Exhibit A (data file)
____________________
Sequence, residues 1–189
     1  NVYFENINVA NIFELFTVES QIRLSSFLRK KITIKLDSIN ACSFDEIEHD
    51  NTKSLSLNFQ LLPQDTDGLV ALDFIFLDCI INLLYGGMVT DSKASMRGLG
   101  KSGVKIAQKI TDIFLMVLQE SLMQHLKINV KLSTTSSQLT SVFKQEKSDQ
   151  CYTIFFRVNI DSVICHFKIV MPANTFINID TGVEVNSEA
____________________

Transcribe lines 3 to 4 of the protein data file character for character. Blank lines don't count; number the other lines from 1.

    51  NTKSLSLNFQ LLPQDTDGLV ALDFIFLDCI INLLYGGMVT DSKASMRGLG
   101  KSGVKIAQKI TDIFLMVLQE SLMQHLKINV KLSTTSSQLT SVFKQEKSDQ